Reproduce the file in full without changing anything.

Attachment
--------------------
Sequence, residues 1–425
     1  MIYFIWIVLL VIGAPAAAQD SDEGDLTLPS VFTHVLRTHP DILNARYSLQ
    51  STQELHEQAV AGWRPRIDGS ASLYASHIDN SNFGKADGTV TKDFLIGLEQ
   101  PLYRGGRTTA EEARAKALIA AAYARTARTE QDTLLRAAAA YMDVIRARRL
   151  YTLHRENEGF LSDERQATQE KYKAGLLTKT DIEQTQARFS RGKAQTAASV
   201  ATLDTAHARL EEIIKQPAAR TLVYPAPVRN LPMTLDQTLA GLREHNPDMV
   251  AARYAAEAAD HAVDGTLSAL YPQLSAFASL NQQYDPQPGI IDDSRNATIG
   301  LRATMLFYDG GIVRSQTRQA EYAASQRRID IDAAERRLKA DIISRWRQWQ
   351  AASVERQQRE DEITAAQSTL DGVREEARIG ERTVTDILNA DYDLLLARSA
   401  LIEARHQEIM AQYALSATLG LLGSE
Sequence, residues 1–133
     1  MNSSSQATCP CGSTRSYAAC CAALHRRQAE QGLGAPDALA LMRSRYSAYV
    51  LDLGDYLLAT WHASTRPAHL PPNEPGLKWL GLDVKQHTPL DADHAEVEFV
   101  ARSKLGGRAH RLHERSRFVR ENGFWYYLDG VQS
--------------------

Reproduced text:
Sequence, residues 1–425
     1  MIYFIWIVLL VIGAPAAAQD SDEGDLTLPS VFTHVLRTHP DILNARYSLQ
    51  STQELHEQAV AGWRPRIDGS ASLYASHIDN SNFGKADGTV TKDFLIGLEQ
   101  PLYRGGRTTA EEARAKALIA AAYARTARTE QDTLLRAAAA YMDVIRARRL
   151  YTLHRENEGF LSDERQATQE KYKAGLLTKT DIEQTQARFS RGKAQTAASV
   201  ATLDTAHARL EEIIKQPAAR TLVYPAPVRN LPMTLDQTLA GLREHNPDMV
   251  AARYAAEAAD HAVDGTLSAL YPQLSAFASL NQQYDPQPGI IDDSRNATIG
   301  LRATMLFYDG GIVRSQTRQA EYAASQRRID IDAAERRLKA DIISRWRQWQ
   351  AASVERQQRE DEITAAQSTL DGVREEARIG ERTVTDILNA DYDLLLARSA
   401  LIEARHQEIM AQYALSATLG LLGSE
Sequence, residues 1–133
     1  MNSSSQATCP CGSTRSYAAC CAALHRRQAE QGLGAPDALA LMRSRYSAYV
    51  LDLGDYLLAT WHASTRPAHL PPNEPGLKWL GLDVKQHTPL DADHAEVEFV
   101  ARSKLGGRAH RLHERSRFVR ENGFWYYLDG VQS